Volume rose across the board in June in the heavy-duty retail and auction used truck spaces as well as the medium-duty used truck market, J.D. Power reported Thursday in its July 2020 Commercial Truck Guidelines industry report.
J.D. Power says volume levels in the auction market last month were the highest the company has seen in its benchmark model in nearly five years. Pricing was generally down due to an oversupply identical truck packages, but J.D. Power states used truck with below average miles continue to perform well.
Average auction prices were as follows:
- Model year 2017: $32,191 average; $4,989 (13.4 percent) lower than May
- Model year 2016: $27,313 average; $1,768 (6.9 percent) higher than May
- Model year 2015: $21,908 average; $440 (2.0 percent) lower than May
- Model year 2014: $15,908 average; $32 (0.2 percent) lower than May
- Model year 2013: $14,043 average; $1,946 (16.1 percent) lower than May
Compared month over month, J.D. Power says 4- to 6-year-old trucks were down 4.3 percent. Compared to the first six months of last year, used truck auction pricing is down 23.9 percent, though depreciation this year is still averaging a very low 0.9 percent per month, the company says.
“June’s results essentially split the difference between April’s drop and May’s increase, which explains the unchanged depreciation average. Freight data for dry van loads has fully recovered, and reefer metrics are not far behind. Other segments continue to improve. There’s no shortage of supply, but demand continues to lift off the bottom,” the company says.
Pricing also fell due to demand in the retail market. J.D. Power says the average sleeper tractor retailed in June was 68 months old, had 478,296 miles, and brought $36,973. Compared to May, J.D. Power reports this average sleeper was one month older, had 16,058 (3.5 percent) more miles, and brought $3,233 (8.0 percent) less money. Compared to June 2019, this average sleeper was a month newer, had 17,354 (3.8 percent) more miles, and brought $20,251 (35.4 percent) less money.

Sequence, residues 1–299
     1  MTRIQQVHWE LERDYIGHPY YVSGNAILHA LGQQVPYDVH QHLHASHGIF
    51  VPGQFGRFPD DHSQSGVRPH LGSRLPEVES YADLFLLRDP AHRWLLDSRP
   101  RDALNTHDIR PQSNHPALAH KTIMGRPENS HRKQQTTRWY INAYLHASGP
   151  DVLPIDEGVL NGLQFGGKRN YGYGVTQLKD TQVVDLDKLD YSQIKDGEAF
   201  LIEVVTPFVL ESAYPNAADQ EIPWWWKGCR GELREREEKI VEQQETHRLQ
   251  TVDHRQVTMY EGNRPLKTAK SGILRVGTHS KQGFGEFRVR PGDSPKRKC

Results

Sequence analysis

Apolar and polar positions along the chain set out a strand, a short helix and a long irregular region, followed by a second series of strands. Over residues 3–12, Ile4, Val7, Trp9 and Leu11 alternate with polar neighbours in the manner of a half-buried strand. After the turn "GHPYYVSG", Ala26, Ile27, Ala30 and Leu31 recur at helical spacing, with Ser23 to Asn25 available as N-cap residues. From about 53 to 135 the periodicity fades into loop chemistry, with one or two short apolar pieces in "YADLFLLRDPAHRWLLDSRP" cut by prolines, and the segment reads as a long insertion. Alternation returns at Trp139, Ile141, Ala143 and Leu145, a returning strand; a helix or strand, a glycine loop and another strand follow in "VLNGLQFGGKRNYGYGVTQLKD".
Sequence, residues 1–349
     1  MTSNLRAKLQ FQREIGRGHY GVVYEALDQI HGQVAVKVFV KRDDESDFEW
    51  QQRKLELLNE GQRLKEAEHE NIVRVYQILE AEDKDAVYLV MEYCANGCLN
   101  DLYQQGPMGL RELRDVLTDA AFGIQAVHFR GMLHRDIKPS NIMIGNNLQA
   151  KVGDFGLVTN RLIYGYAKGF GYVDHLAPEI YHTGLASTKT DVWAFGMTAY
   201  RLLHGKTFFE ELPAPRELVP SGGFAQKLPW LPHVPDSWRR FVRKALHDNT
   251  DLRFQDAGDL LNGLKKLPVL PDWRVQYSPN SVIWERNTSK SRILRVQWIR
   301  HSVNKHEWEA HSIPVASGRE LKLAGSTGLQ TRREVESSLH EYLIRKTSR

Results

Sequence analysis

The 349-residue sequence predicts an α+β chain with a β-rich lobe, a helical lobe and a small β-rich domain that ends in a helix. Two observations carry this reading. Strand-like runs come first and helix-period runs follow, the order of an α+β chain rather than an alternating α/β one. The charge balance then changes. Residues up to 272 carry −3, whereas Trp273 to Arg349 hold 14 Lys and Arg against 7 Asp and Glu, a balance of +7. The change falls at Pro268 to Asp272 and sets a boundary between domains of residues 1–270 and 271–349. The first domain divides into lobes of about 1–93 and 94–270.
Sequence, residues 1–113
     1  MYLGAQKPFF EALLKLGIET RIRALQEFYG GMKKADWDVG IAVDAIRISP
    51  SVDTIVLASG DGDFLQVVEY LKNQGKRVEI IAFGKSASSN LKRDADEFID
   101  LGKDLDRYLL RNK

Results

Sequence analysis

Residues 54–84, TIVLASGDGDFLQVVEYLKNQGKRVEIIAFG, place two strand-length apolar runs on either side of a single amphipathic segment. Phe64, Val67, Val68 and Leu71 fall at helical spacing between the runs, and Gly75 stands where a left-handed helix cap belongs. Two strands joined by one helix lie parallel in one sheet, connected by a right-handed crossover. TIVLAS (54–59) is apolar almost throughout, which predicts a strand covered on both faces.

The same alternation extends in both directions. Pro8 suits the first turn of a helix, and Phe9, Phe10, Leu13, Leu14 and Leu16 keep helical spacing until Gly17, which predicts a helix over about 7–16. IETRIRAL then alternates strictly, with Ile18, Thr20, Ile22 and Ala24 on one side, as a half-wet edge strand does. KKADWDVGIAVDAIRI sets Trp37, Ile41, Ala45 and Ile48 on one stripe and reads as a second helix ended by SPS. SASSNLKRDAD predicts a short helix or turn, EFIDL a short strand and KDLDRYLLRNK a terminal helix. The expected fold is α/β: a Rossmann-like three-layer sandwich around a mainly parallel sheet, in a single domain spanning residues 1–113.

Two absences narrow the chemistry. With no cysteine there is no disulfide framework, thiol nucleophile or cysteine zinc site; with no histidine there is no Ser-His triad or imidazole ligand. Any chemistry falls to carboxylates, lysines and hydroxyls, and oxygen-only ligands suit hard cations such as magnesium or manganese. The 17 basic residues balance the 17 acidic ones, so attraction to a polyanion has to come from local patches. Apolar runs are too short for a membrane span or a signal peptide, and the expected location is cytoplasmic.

In the large 2- to 5-year-old truck cohort, J.D. Power says average pricing in June was as follows:
- Model year 2019: $94,127; $4,409 (4.5 percent) lower than May
- Model year 2018: $69,808; $15,219 (17.9 percent) lower than May
- Model year 2017: $54,013; $2,338 (4.5 percent) higher than May
- Model year 2016: $37,601; $1,498 (3.8 percent) lower than May
Compared to May, J.D. Power says late-model trucks brought 8.5 percent less money in June. Comparing the first six months of this year to last year, the company says pricing has averaged 15.1 percent lower than the same period of 2019. Depreciation in 2020 is averaging 3.1 percent per month, an increase from last month, and moderately above the historic range.
“Late-model sleepers that have accumulated less than 100,000 miles per year are bringing relatively strong money, especially those with under 300,000 miles,” the company says. “The gap between high-volume models and lower-volume models is increasing.”
But what dealers may be losing on specific trucks they are making up in volume. J.D. Power reports dealers retailed an average of 4.5 trucks per rooftop in June, 0.6 truck higher than May and 0.7 truck higher than last June.
“This increase is encouraging, and indicates somewhat better demand commensurate with the economic re-opening,” the company says.
Pricing was mixed in the medium-duty space due to the influx in units. The average price in June for Class 3-4 cabovers was was $13,585, $320 (2.3 percent) lower than May, and $313 (2.3 percent) lower than June 2019. Class 4 conventionals performed a little better, average pricing was $21,889, $4,782 (28.0 percent) higher than May, but $1,626 (6.9 percent) lower than June 2019. Class 6 conventional pricing was the opposite, with average pricing of $21,020 in June, $3,694 (14.9 percent) lower than May, and $2,445 (13.2 percent) higher than June 2019.
Overall, J.D. Power states the last month’s strong volume was “probably a combination of pent-up demand from the previous two months combined with optimism about the slow-but-sure reopening of the economy. As predicted, reopening gathering places resulted in spikes in virus infections and attendant regional pullbacks. However, the genie has been let out of the bottle, and it is extremely unlikely we will see a return to large-scale shutdowns.”
The company adds its previous assessment of market factors impacting the economy at large and trucking industry remain in place. “We still have a lot to work through before economic conditions will look anything close to normal. The trucking industry in general will continue to perform better than most, and we still see more positive than negative pressure on used truck values.”
For more information, and to read the entirety of this month’s report, please CLICK HERE.